An open system of universities and colleges

With four competing versions on show over twenty-five years, why has it been so difficult to achieve consistency, coherence or consensus on the college contribution to higher education? One major explanation is structural. In a two-sector system, there has been no central authority – a tertiary intelligence – to offer overarching leadership and coordination. Instead, responsibility for higher education in the further education sector has been passed to a body – the Higher Education Funding Council for England (HEFCE) – whose primary constituency is the higher education sector and its member institutions. As an internal HEFCE review came close to saying, the college role in higher education has for long been a source of policy weakness, if not failure.

Nor would a shift of responsibility to the other sector be likely to improve matters, although the experience of Scotland is again instructive where higher education below the bachelor degree is a near-monopoly for the colleges and where the universities have not exercised a direct influence on its shape and development. Scotland now has a single funding council for further and higher education but this is still some distance from the tertiary commission and lifelong learning system that some had imagined for that country.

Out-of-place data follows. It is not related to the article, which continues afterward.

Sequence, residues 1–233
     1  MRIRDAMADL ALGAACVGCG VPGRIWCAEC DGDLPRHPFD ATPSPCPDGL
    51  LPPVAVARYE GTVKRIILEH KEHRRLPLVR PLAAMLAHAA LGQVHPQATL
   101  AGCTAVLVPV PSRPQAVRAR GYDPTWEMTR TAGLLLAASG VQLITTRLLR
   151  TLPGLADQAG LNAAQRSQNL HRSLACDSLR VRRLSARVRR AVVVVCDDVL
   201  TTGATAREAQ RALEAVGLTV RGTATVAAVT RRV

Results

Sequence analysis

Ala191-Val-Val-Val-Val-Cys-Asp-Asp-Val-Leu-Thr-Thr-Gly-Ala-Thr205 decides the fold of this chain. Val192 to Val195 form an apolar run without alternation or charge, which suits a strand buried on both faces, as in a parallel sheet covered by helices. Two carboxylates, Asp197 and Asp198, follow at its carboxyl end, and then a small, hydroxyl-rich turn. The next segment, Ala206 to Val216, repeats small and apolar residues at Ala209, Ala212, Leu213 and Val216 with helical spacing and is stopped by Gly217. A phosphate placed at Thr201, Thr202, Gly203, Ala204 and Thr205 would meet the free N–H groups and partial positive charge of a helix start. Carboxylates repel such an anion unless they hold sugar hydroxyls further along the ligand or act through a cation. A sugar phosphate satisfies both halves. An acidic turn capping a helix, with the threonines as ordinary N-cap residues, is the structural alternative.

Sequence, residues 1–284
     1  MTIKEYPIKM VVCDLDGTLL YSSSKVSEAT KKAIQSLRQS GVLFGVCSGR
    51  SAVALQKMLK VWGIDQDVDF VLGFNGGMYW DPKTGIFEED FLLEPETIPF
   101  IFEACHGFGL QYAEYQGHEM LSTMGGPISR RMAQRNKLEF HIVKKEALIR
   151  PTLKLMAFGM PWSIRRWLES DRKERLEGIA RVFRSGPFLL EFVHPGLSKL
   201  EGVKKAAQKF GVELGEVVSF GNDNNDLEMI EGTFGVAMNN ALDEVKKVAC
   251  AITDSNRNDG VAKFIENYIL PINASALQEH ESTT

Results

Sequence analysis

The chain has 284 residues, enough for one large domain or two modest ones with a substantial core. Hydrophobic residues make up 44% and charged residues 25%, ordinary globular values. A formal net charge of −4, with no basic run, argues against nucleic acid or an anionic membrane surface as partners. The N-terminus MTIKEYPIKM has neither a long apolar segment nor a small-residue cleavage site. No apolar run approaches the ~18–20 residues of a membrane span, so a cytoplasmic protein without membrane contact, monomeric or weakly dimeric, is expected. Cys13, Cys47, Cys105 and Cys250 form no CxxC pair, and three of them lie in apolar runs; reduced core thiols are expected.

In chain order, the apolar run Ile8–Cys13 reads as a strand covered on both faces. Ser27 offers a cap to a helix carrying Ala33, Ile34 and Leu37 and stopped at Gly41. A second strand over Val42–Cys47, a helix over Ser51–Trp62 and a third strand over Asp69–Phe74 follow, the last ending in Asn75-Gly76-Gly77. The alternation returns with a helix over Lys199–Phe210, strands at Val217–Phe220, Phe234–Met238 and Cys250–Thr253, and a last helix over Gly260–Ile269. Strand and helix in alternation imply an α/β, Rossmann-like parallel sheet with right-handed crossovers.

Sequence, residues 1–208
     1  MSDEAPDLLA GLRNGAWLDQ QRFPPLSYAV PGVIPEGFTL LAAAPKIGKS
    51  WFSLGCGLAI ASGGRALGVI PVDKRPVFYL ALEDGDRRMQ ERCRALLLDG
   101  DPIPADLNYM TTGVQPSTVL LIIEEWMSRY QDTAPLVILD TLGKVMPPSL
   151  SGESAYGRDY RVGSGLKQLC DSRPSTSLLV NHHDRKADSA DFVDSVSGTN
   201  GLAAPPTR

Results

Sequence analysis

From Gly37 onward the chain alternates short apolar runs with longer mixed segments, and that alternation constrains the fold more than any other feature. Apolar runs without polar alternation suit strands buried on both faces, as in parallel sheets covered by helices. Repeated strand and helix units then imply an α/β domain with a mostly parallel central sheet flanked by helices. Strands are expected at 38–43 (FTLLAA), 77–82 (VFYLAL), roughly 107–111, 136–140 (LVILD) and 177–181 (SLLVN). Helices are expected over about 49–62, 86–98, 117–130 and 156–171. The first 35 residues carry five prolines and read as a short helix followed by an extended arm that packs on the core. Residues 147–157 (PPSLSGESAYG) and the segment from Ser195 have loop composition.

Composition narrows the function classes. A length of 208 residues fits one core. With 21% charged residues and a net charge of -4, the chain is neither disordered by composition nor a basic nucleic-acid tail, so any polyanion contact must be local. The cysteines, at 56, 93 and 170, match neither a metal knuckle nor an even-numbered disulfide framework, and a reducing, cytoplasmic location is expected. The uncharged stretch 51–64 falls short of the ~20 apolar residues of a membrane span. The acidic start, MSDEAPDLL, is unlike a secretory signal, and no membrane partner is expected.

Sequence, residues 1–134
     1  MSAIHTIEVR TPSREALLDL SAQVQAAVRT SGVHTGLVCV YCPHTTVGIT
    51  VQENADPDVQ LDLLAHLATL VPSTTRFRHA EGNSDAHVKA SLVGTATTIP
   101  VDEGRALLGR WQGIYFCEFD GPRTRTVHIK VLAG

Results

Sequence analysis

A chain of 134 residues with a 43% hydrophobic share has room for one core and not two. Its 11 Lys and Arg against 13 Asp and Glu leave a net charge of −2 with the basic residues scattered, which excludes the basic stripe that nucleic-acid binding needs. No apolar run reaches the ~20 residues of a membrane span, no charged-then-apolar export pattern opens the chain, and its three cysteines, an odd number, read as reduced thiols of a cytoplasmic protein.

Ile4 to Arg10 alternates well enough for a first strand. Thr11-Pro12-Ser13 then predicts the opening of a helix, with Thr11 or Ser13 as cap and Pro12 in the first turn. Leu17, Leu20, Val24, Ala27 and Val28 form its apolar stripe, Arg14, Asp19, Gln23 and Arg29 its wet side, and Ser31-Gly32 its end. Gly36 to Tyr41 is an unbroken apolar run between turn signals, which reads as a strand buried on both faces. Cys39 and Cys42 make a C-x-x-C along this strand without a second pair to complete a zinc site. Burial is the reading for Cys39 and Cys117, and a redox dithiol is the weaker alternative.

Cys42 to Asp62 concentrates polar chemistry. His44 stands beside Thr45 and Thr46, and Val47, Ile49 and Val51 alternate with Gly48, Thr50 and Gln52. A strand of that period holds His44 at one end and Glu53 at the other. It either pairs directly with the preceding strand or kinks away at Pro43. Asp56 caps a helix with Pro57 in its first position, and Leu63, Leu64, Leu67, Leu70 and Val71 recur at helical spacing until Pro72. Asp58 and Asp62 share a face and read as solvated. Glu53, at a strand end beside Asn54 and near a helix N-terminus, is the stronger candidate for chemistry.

On one reading, the market-led reforms intended for English higher education invite their extension into the rest of the tertiary system. Whatever their reach, the rationale and architecture of a two-sector system will continue to be challenged. The asymmetries of power and influence inscribed in these structures are one set of reasons for their survival, with higher education able to argue persuasively for separate or special treatment and further education ever-conscious of its subordinate status and confused identity. The time has come perhaps to dump the language of further education and, instead, invest in the concept of an open system of universities and colleges.

By Gareth Parry, Professor of Education and Director of the Centre for the Study of Higher Education and Lifelong Learning at the University of Sheffield

Blue Skies: New thinking about the future of higher education, published by Pearson Centre for Policy and Learning today, contains the visions of 40 education experts on the future of HE